Nicotine Addiction Paper

1207 Words5 Pages
Addiction does not discriminate on age, gender, or social status, but there are well-known risk factors that researchers have pinpointed to attempt to explain addiction. Nicotine addiction and dependency has many factors that play into why and how someone is addicted. Addiction to any substance is similar in a way affects your brain chemistry, as well as behaviorally. Socialization factors at a young age, familial genetics, and environmental influences work together to set the addiction cycle for many. The majority of the non-smoking public always speculate about why people who smoke continue, even after warning and extensive research finds smoking will cause cancer or disease. Nicotine, as a chemical, yields psychological and physical effects…show more content…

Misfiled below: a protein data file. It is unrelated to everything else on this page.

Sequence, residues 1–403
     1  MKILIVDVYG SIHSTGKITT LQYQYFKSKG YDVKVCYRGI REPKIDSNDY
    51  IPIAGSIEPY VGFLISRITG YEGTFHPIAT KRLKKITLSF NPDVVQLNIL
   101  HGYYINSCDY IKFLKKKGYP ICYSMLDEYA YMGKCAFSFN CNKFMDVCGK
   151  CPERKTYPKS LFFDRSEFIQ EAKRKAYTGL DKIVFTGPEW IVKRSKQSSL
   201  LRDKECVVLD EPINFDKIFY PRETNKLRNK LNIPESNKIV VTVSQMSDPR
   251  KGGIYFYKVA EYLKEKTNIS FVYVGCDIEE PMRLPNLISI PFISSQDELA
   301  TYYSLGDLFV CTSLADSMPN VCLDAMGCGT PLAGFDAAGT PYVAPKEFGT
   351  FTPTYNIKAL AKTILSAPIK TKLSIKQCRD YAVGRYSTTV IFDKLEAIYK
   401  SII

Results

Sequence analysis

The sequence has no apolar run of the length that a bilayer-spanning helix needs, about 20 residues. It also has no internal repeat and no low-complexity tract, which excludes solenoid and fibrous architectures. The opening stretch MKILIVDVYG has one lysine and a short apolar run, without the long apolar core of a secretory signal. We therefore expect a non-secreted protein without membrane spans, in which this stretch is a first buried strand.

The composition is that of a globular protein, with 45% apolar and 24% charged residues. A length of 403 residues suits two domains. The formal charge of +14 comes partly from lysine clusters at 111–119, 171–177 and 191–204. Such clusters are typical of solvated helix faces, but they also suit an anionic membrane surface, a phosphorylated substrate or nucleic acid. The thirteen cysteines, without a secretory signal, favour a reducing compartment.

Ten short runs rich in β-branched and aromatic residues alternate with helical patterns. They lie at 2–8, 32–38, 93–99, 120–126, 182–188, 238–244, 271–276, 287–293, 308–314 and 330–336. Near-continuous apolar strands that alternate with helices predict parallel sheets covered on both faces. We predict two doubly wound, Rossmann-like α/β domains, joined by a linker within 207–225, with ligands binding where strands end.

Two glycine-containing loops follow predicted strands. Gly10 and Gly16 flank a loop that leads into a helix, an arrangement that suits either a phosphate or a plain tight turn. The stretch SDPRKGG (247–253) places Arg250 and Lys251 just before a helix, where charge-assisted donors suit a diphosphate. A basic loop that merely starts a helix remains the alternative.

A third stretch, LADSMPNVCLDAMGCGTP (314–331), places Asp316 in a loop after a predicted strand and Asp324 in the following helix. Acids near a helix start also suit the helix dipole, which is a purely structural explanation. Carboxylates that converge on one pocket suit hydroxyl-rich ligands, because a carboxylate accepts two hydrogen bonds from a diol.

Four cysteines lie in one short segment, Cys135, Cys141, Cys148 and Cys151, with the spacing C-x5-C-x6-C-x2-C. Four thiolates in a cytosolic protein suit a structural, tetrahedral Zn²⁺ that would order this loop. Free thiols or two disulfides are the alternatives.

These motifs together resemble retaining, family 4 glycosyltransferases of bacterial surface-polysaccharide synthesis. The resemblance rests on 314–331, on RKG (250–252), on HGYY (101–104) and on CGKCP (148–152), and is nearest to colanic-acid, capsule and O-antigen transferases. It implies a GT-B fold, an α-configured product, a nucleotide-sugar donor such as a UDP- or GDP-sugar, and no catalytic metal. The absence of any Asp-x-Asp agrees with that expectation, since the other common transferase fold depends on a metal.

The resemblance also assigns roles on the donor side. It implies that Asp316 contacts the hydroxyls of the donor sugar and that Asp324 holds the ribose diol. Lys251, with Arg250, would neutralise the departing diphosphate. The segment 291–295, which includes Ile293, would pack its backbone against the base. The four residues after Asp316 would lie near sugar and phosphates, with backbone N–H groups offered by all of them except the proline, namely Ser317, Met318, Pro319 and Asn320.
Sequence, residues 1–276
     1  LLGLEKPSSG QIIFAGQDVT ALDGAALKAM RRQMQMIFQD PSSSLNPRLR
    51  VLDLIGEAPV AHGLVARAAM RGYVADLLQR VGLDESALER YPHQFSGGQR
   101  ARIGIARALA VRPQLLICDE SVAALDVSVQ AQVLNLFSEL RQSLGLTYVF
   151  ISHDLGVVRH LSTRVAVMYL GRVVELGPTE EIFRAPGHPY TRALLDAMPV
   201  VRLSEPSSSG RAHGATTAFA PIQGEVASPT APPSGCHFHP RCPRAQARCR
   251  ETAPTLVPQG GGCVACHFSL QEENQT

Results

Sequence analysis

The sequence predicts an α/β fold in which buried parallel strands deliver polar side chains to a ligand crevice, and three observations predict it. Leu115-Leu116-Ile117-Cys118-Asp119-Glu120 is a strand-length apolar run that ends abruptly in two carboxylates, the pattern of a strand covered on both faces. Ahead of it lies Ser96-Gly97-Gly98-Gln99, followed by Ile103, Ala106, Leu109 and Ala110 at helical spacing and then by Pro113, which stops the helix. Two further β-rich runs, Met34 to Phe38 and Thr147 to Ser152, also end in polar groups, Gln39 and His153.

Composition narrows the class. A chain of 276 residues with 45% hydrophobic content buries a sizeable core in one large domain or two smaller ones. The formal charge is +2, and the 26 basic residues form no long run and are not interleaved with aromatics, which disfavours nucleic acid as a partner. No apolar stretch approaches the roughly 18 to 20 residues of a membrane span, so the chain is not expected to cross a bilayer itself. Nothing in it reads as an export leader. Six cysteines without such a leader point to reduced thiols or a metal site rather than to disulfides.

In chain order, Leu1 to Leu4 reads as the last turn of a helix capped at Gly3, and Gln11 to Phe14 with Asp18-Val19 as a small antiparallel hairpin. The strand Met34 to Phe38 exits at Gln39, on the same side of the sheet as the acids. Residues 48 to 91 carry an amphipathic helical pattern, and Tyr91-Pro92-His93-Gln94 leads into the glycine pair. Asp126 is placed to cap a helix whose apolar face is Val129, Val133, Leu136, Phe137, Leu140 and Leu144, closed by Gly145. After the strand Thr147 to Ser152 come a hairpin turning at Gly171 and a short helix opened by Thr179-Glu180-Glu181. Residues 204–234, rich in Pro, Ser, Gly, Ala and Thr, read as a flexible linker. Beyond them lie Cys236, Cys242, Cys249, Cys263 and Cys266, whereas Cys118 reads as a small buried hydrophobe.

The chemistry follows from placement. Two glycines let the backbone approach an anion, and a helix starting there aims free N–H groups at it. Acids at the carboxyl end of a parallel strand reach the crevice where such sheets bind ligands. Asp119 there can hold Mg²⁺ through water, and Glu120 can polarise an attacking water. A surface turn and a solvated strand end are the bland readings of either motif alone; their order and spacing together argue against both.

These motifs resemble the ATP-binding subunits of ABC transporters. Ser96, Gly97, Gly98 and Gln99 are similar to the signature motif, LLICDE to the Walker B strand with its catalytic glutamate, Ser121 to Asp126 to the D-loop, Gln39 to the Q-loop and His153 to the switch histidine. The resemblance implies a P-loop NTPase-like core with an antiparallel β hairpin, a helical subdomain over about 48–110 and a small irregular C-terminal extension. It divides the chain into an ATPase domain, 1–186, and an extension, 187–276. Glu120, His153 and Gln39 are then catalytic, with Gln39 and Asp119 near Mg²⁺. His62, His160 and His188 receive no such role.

If individuals have a history of nicotine addiction in their family and were surrounded by people who were tobacco users, then these people are more likely to begin smoking and turn into a nicotine addict. Family is the primary level of socialization in a child’s life, so the family becomes key in a child’s early development. It has been extensive studied that if someone begins to smoke at a young age then they are more likely develop this addiction. It’s less prevalent for adults to start smoking tobacco and develop a nicotine addiction than compared to teenagers or young adults. (American Society of Addiction Medicine, 2013). Peer pressure is largely harped on by anti-smoking campaigns, and is an important aspect for many people who start to smoke. Socioeconomic status is significant attribute that can provide insight to the peer pressure a young person may feel. Many young people, are influenced by their peer groups and by the media’s perception of smoking. The marketing of smoking has played a significant role in branding and targeting young people to smoke, because when you make them an addict at a young age, you have them for a lifetime. Recently, there has been an increase in anti-smoking advertisements aired on television and the internet that try to combat cigarette smoking. The interaction of these social and genetic factors can increase the likelihood of addiction and give reason to why people become addicted to substances, such as nicotine. Addiction is a multifaceted disease and one aspect in particular can be attributed to
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